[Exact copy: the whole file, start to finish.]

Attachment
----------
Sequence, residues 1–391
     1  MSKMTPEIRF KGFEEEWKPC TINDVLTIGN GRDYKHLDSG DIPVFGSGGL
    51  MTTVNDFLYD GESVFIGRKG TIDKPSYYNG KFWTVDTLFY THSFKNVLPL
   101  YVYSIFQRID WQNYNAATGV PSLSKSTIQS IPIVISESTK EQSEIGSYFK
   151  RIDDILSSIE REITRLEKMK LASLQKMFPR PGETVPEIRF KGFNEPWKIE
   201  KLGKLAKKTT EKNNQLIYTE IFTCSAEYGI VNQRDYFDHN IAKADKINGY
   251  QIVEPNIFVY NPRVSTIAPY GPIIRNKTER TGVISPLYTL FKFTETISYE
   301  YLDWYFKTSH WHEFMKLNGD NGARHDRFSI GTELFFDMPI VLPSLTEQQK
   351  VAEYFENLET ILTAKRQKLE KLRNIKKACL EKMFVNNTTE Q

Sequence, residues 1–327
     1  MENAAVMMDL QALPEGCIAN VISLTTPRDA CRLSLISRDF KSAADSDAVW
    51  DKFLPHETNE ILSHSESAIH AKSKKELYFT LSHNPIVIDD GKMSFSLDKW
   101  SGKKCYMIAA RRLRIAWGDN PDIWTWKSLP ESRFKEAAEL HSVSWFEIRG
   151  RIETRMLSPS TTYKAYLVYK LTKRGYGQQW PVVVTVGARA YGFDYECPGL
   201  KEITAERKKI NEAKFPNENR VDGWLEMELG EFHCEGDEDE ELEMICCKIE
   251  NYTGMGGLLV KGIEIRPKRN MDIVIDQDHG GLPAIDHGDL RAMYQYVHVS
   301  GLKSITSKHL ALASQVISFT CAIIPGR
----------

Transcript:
Sequence, residues 1–391
     1  MSKMTPEIRF KGFEEEWKPC TINDVLTIGN GRDYKHLDSG DIPVFGSGGL
    51  MTTVNDFLYD GESVFIGRKG TIDKPSYYNG KFWTVDTLFY THSFKNVLPL
   101  YVYSIFQRID WQNYNAATGV PSLSKSTIQS IPIVISESTK EQSEIGSYFK
   151  RIDDILSSIE REITRLEKMK LASLQKMFPR PGETVPEIRF KGFNEPWKIE
   201  KLGKLAKKTT EKNNQLIYTE IFTCSAEYGI VNQRDYFDHN IAKADKINGY
   251  QIVEPNIFVY NPRVSTIAPY GPIIRNKTER TGVISPLYTL FKFTETISYE
   301  YLDWYFKTSH WHEFMKLNGD NGARHDRFSI GTELFFDMPI VLPSLTEQQK
   351  VAEYFENLET ILTAKRQKLE KLRNIKKACL EKMFVNNTTE Q

Sequence, residues 1–327
     1  MENAAVMMDL QALPEGCIAN VISLTTPRDA CRLSLISRDF KSAADSDAVW
    51  DKFLPHETNE ILSHSESAIH AKSKKELYFT LSHNPIVIDD GKMSFSLDKW
   101  SGKKCYMIAA RRLRIAWGDN PDIWTWKSLP ESRFKEAAEL HSVSWFEIRG
   151  RIETRMLSPS TTYKAYLVYK LTKRGYGQQW PVVVTVGARA YGFDYECPGL
   201  KEITAERKKI NEAKFPNENR VDGWLEMELG EFHCEGDEDE ELEMICCKIE
   251  NYTGMGGLLV KGIEIRPKRN MDIVIDQDHG GLPAIDHGDL RAMYQYVHVS
   301  GLKSITSKHL ALASQVISFT CAIIPGR